This year, 31st October to be precise, marks the 500th anniversary of the start of the Reformation in Germany. From there the Reformation movement spread throughout Europe, including to Sweden in the 16th Century. Today the Church of Sweden, with which the Church of Ireland has historic links, including through the Porvoo Communion of Churches, is the largest evangelical Lutheran denomination in Europe.
The Church of Ireland, like the rest of the Anglican family of churches, regards itself as an Ancient Catholic, as well as a Reformed Church.
In this 500th anniversary year, this year’s Clergy Conference in Cork, Cloyne and Ross will, appropriately, have a Lutheran visitor from the Church of Sweden, and a Reformation focus as its theme. The speaker at this year’s Ballylickey event, will be the Reverend Dr Jan Eckerdal who is a Diocesan Chaplain with responsibility for theological training in the Diocese of Strängnäs, Church of Sweden. Jan’s overall theme will be The Lutheran Thread of the Church Catholic. Over the two days of the conference, he will deliver four papers.
‘”Conference” is the wrong word for this event,’ explains the Bishop of Cork, the Right Reverend Dr Paul Colton, ‘but it’s difficult to find the right word.”
Bishop Colton continues:
Like most busy walks of life, the round of the clergyperson is busy and at times seems endless. I see this annual event first of all as a gift from me to the clergy of the Diocese, and an opportunity for them to stop together for a couple of days. I ask them every year the sort of themes they’d like to engage with in our Continuing Ministerial Education programme. All they have to do is arrive.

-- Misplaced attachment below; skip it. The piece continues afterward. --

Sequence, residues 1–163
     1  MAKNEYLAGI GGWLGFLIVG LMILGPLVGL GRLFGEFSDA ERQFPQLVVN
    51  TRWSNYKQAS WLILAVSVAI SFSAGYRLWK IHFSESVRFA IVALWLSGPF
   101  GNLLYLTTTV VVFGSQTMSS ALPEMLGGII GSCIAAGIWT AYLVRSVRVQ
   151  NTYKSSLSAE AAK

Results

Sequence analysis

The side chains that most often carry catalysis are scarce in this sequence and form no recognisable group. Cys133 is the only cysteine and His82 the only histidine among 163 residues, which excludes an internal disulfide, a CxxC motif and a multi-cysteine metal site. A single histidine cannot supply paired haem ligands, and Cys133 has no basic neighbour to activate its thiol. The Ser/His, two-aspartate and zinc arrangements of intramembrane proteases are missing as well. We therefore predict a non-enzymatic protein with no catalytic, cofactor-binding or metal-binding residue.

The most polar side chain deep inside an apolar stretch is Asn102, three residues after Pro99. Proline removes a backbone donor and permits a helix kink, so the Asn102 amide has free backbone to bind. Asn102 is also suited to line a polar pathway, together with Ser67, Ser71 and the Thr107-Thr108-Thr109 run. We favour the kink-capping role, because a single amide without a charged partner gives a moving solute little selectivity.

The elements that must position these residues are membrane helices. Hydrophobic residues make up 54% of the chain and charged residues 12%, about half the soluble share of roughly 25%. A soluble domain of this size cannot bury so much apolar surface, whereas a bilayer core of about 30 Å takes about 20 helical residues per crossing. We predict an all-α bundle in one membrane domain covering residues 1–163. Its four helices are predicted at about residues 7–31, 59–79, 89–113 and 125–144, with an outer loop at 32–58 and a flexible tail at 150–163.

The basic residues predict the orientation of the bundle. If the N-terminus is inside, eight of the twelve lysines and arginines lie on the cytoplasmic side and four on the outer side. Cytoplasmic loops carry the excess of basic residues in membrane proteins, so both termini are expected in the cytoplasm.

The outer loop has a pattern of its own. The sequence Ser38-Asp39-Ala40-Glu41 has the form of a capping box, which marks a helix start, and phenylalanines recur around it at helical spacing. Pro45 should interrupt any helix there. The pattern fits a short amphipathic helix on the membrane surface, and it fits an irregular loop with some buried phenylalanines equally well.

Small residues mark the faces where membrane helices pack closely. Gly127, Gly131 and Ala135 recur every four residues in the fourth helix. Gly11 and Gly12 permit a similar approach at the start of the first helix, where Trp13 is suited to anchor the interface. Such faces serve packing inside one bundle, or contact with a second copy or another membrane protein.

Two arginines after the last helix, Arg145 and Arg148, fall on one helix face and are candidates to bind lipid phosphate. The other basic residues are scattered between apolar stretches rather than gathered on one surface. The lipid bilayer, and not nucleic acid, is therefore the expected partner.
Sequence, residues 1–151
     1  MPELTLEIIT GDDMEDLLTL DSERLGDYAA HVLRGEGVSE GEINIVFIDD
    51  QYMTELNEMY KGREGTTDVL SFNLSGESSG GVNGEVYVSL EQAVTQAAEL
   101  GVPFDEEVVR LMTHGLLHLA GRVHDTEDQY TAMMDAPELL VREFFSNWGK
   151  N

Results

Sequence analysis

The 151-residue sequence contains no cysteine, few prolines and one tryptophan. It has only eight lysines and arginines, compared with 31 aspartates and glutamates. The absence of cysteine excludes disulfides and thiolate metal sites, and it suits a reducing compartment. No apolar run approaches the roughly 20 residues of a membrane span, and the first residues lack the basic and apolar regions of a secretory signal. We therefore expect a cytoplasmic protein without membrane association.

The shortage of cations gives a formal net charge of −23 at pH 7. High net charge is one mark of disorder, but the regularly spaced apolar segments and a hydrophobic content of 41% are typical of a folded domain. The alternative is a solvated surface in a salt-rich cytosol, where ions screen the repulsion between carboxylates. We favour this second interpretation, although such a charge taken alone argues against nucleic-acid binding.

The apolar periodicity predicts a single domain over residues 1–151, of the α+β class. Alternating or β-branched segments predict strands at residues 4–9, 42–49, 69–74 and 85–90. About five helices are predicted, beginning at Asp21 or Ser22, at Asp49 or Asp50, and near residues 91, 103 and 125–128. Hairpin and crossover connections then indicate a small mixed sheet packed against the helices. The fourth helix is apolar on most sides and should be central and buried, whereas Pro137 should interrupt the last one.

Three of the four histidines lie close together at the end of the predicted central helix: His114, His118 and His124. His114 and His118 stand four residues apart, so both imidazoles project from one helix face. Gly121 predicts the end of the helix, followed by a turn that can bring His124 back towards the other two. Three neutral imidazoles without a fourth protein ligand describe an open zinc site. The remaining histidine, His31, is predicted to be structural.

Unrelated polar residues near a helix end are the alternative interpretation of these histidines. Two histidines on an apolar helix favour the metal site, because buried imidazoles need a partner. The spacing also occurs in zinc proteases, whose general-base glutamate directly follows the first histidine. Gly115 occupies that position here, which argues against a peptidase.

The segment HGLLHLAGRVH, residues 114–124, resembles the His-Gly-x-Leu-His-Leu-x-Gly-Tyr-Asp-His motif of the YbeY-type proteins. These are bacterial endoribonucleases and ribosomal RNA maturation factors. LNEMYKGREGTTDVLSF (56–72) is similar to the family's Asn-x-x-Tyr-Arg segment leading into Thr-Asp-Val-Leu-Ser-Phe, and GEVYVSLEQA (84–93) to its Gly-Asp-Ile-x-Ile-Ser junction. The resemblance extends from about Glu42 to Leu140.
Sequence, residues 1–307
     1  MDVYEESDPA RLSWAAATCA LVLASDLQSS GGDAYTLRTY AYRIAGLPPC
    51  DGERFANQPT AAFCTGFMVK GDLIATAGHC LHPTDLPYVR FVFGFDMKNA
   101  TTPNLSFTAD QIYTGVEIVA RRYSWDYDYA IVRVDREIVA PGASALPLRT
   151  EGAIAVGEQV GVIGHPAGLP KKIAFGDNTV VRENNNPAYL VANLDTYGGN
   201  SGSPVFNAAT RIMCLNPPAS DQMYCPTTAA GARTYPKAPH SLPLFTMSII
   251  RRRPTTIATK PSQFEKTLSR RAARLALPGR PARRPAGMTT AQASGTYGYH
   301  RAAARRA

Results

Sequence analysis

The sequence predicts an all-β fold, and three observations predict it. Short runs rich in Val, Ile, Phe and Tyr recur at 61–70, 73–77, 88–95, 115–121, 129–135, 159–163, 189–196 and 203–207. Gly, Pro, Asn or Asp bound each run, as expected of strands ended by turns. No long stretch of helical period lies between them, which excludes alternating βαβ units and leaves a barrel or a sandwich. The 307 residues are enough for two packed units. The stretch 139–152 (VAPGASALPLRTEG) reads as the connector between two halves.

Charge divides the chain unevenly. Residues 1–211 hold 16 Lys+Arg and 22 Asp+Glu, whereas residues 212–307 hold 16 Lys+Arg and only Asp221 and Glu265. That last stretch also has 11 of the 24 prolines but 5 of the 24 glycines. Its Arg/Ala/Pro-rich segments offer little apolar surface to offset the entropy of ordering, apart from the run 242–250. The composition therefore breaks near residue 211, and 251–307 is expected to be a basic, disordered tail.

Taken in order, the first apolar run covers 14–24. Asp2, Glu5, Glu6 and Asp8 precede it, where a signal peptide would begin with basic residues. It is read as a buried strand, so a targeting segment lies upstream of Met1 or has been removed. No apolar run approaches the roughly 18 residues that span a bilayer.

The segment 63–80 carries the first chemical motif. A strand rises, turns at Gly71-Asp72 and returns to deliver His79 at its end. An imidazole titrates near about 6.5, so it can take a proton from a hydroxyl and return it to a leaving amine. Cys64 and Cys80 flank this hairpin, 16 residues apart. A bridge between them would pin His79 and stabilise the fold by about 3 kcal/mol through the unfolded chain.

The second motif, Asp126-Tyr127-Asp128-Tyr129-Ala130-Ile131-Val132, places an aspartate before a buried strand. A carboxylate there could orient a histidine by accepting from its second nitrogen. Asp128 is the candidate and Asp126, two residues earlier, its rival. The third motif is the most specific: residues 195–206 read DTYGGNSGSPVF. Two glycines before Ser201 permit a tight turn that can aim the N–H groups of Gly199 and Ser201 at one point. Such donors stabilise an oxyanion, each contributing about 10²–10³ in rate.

It is also as much about having lots of time to spend relaxing together and getting to know one another better as colleagues in ministry, which builds up the clergy team in the Diocese, and this, in turn, is good for our work in Cork, Cloyne and Ross.
There’s time for praying, eating, socialising, talking, and getting to know the person you don’t really know well. Some go for extended walks or local visits, and one or two even play golf.
It’s all made possible by a generous bequest we received from the late Mrs Magill of Creagh Glebe near Skibbereen many years ago. Appropriately, we keep her memory alive with a speech and a toast to her memory at our evening meal. Each year too there is entertainment, sometimes a table quiz, and usually our renowned clergy ‘Oscars’ awards.
The subjects of Dr Eckerdal’s four papers this year will be:
- Anglicanism and Swedish Lutheranism: Two Kindred Spirits?
- Martin Luther: The Monk who changed Europe
- Sola Gratia, Sola Fide, Sola Scriptura
- What is a ‘Folk Church’?
Dr Jan Eckerdal has a PhD in Systematic Theology at Uppsala University. Jan’s published books and articles are especially centered on the modern ecclesiological heritage of the Church of Sweden and on missiology in a post-Christian culture. Jan lives in the small town Nyköping, south of Stockholm.